Here are highlights in brief of the Herald's recommendations on the three constitutional amendments on Florida's ballot. Our complete endorsement editorials can be found online at www.bradenton.com/endorsements.
Amendments require 60 percent of the vote for passage. Early voting begins today in Manatee County.
Amendment 1: Yes
This amendment -- officially titled "Water and Land Conservation" -- would put a premium on funding for a broad swath of environmental programs. This citizens initiative, placed on the ballot via signature petitions, forces the Legislature to adhere to the spirit of the Florida Forever Act.
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That land conservation law was designed to receive $300 million annually from the existing documentary stamp tax, which is applied to real estate transactions.
Another $100 million a year from another trust fund, the Water Sustainability Act, had been invested in the protection of the state's waterways, springs and drinking water as well as fish and wildlife habitats.
But during the four years of Gov. Rick Scott's administration, the Legislature diverted trust fund dollars elsewhere and only a shade under $29 million went into Florida Forever projects.
This dedicated funding source, set to expire in fiscal year 2034-2035, would pour an estimated $648 million into the trust during FY 2015-2016.
This trust fund is essential to the management and restoration of ecosystems and enhances recreational opportunities and public access of conservation lands.
Florida's environment is a precious commodity, one that drives the tourism industry. Florida voters should champion environmental protection and restoration as a vital investment in the future.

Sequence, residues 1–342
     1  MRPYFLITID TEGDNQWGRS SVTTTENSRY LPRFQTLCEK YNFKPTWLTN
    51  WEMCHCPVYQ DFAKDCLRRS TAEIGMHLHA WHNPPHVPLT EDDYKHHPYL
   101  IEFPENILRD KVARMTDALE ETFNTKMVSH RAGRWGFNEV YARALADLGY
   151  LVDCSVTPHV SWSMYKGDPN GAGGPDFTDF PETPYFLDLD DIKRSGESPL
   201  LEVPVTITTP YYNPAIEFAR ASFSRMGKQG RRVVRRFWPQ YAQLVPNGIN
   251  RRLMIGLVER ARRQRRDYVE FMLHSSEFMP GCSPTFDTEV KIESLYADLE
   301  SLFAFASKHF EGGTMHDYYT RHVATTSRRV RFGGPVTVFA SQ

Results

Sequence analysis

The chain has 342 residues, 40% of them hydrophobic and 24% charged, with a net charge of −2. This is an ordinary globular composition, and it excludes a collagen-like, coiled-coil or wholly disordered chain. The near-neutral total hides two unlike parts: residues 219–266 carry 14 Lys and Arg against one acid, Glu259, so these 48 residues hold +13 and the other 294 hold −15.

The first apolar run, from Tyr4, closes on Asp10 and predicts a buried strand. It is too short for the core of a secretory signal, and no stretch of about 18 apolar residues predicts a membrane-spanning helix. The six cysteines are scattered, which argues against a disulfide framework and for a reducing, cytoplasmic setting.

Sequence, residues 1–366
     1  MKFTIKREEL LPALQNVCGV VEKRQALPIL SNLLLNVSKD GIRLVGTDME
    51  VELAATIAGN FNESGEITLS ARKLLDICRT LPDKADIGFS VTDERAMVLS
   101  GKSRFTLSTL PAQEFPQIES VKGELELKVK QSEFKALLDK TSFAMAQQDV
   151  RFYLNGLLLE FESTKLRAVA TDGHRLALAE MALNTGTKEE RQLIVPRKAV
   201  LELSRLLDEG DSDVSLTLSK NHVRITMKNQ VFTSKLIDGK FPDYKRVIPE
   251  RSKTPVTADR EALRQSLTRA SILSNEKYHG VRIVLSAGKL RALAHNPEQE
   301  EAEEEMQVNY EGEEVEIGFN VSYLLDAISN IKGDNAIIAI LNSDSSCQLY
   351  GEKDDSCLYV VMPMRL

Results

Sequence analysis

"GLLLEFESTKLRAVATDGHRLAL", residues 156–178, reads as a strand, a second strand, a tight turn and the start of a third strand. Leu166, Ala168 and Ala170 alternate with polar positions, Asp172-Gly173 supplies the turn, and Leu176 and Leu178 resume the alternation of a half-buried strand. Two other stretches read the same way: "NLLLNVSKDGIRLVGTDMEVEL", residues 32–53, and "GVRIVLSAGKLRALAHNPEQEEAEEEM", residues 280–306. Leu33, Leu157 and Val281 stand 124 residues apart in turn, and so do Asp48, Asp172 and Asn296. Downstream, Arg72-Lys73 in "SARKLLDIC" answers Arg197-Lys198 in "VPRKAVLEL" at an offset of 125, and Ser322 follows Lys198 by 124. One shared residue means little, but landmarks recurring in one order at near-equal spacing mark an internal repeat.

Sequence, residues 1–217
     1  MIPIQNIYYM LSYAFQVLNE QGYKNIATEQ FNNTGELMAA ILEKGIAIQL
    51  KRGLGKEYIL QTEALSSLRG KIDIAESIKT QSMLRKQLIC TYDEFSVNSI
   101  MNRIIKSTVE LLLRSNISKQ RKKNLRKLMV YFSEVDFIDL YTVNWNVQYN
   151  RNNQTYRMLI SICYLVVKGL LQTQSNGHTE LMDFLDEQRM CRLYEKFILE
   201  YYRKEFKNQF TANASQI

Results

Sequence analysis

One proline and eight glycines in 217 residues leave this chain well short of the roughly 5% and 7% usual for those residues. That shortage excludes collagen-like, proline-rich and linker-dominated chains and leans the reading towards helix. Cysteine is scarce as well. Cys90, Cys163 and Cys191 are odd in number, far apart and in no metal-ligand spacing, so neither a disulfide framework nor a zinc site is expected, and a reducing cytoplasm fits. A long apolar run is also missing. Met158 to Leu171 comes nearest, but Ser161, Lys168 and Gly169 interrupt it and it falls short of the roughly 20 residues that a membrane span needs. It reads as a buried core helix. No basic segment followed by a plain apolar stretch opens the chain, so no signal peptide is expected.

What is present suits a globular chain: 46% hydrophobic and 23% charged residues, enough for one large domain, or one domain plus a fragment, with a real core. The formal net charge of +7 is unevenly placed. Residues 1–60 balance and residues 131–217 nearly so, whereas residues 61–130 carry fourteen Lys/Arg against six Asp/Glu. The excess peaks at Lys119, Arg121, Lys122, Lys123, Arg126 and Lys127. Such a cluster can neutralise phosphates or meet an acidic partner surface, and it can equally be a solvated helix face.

Amendment 2: No
Medical marijuana has proven to be a godsend for some people suffering from debilitating conditions. On those humanitarian grounds, Amendment 2 could hold great merit. Even opponents of the proposal -- including law enforcement officers -- admit to the medicinal benefits of cannabis.
But as a practical matter, the ballot language contains worrisome provisions that open the door to abuse. The ballot summary sounds innocent, but the wording is full of loopholes.
While the full text directs the state Department of Health to compose rules to implement the language, just how restrictive they would be is not only unknown but could be subject to court challenges. The text only requires "reasonable regulations."
Do Florida voters want to take a gamble on how this turns out if the amendment is approved? We hope not. We need certainty.
Florida would be best served by thoughtful legislation that leaves nothing to chance, nothing open to interpretation and litigation. Amendment 2 fails that litmus test.
Amendment 3: No
The least understood and most invisible amendment on the ballot is not generating campaign enthusiasm among supporters or opponents. Amendment 3 -- titled "Prospective Appointment of Certain Judicial Vacancies" -- even sounds ponderous.
But make no mistake, the impact could be considerable, influencing the direction of the state's top courts and judicial decisions for generations.
Florida's Republican-controlled Legislature placed this measure on the ballot after highly partisan voting in both chambers. That suggests politics are at play.
Amendment 3 shifts the power to nominate replacements from the incoming governor to the outgoing one.
One of the primary problems with Amendment 3 is it empowers an outgoing governor who cannot be held accountable to the electorate, but who leaves office with influential appointments that will impact state policy for years.
Should this issue even need to be addressed, that should be left to the state's Constitution Revision Commission, which next convenes in 2017.